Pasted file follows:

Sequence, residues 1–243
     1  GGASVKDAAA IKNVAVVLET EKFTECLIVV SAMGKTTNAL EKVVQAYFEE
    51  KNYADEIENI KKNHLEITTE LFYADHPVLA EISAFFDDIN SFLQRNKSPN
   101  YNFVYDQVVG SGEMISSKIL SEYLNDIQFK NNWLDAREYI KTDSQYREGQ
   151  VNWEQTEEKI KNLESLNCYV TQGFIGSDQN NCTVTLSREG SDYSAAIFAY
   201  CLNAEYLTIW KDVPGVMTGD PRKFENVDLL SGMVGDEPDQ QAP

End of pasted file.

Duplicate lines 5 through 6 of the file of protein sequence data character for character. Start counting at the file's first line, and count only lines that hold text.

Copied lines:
   151  VNWEQTEEKI KNLESLNCYV TQGFIGSDQN NCTVTLSREG SDYSAAIFAY
   201  CLNAEYLTIW KDVPGVMTGD PRKFENVDLL SGMVGDEPDQ QAP